5pm. Free. Brave New Worlds, 45 N. Second St. 215.925.6525. bravenewworldscomics.com

Saturday, Jan. 8

The Portuguese Nun
It’s a late-December tradition to visit family and steal a few desperate hours of (relative) peace and quiet with the home crew at the movies, watching laser Frisbees or Robert De Niro continuing to piss on his remaining artistic cred. But now you’re back home, and you can return to recursive, subtitled art-house fare! Huzzah! The Portuguese Nun follows an actress playing a nun in a low-budget film shot in Lisbon and her experiences with her director (played by the 2009 film’s actual director, Eugène Green), an actual Portuguese nun and the warm, glowing coastal city in which all three are immersed. The film-within-a-film structure is ripe for referential wit, while the placid, meditative plot affords viewers plenty of time to enjoy the radiant cinematography and haunting interludes of traditional fado music. -Alexandra Jones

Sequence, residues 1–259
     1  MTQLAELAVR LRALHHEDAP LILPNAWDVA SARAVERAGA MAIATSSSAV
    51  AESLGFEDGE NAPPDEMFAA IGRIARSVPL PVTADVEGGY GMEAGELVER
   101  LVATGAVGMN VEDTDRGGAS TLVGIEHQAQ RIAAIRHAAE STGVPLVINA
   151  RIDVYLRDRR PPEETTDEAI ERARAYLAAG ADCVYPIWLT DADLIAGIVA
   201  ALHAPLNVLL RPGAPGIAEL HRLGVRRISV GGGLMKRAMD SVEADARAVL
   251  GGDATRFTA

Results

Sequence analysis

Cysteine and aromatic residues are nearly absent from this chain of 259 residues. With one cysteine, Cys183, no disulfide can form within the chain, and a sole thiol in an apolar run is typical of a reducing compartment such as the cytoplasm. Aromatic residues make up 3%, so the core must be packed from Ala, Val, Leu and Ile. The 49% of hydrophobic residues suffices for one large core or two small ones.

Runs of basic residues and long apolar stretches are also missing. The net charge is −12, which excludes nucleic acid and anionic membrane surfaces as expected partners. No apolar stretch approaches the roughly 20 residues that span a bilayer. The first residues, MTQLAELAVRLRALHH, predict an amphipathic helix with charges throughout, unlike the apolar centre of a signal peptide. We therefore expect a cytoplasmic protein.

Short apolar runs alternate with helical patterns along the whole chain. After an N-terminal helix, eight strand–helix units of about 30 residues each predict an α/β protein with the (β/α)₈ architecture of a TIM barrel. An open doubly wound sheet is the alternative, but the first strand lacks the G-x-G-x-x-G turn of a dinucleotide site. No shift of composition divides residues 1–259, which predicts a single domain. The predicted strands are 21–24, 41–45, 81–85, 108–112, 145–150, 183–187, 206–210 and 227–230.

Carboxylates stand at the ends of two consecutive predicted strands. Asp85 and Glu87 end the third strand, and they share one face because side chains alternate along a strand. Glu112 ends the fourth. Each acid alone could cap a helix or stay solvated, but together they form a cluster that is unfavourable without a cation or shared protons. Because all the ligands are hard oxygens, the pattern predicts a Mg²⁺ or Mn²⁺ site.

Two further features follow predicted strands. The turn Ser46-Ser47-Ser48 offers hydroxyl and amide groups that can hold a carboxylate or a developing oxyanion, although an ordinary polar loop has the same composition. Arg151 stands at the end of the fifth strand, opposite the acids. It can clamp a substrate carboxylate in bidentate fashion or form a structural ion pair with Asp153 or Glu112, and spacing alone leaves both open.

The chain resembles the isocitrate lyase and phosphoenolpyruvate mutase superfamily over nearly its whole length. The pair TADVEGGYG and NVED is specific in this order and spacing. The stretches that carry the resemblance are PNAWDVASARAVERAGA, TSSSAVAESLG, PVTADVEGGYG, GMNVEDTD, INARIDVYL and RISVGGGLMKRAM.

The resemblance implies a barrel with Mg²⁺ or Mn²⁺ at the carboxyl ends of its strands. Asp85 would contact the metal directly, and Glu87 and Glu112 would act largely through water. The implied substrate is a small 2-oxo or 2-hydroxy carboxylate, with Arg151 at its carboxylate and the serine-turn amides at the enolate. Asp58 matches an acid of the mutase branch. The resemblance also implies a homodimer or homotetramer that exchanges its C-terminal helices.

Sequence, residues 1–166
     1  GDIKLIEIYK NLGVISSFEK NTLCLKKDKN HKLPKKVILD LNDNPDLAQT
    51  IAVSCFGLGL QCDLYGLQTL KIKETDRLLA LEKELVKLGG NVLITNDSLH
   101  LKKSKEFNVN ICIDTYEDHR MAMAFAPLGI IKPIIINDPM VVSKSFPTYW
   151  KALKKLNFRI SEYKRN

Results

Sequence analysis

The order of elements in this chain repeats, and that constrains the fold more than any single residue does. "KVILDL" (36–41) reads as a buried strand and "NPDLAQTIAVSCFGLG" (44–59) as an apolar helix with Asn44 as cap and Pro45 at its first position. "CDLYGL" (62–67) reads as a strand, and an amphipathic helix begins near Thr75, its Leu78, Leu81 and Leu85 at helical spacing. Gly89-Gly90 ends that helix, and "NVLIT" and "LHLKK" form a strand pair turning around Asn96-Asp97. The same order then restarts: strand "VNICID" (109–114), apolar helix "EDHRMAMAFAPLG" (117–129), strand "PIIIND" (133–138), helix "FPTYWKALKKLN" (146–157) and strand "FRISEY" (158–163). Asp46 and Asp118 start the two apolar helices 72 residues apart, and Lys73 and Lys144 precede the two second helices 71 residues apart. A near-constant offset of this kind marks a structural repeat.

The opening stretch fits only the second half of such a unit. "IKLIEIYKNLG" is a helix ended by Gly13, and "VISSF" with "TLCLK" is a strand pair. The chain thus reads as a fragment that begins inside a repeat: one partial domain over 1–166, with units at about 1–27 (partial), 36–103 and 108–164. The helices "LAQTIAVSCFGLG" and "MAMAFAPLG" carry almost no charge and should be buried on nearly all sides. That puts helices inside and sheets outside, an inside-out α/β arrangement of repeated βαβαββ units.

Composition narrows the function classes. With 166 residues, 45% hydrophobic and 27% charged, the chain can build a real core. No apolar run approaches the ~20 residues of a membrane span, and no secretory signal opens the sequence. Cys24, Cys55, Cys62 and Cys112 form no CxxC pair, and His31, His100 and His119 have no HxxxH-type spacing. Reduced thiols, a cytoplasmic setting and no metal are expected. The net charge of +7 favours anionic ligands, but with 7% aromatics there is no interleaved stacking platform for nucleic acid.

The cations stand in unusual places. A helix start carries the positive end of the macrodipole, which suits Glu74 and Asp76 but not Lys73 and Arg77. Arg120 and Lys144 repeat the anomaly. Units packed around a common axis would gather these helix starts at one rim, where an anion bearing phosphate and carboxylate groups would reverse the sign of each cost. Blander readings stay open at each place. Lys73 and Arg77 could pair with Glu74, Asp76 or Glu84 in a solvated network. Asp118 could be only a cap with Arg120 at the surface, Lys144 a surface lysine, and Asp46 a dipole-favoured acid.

7pm. $8. International House, 3701 Chestnut St. 215.387.5125. ihousephilly.org

Cheers Elephant
Cheers Elephant is poised to deliver the first stellar local recording of 2011 when they usher in their second album, Man is Nature, with a release party tonight. We’ve only heard two new tunes thus far—“Shark Attack” and “My Bicycle Ride”—but they build on the promise the psych-flavored mod-pop foursome displayed on their eponymous debut LP of a couple years ago: Jangly, bouncy guitars, spry rhythms, and spirited harmonies feed the former track, while the loping latter track feels just as earthy and joyful while the vocals veer between Pavement drawl and high, yearning yelps. Dr. Dog fans will probably want to be all over this. -Michael Alan Goldberg

8pm. $13-$16. With the New Connection, the Fleeting Ends + Nicos Gun. World Cafe Live, 3025 Walnut St. 215.222.1400. worldcafelive.com

Sunday, Jan. 9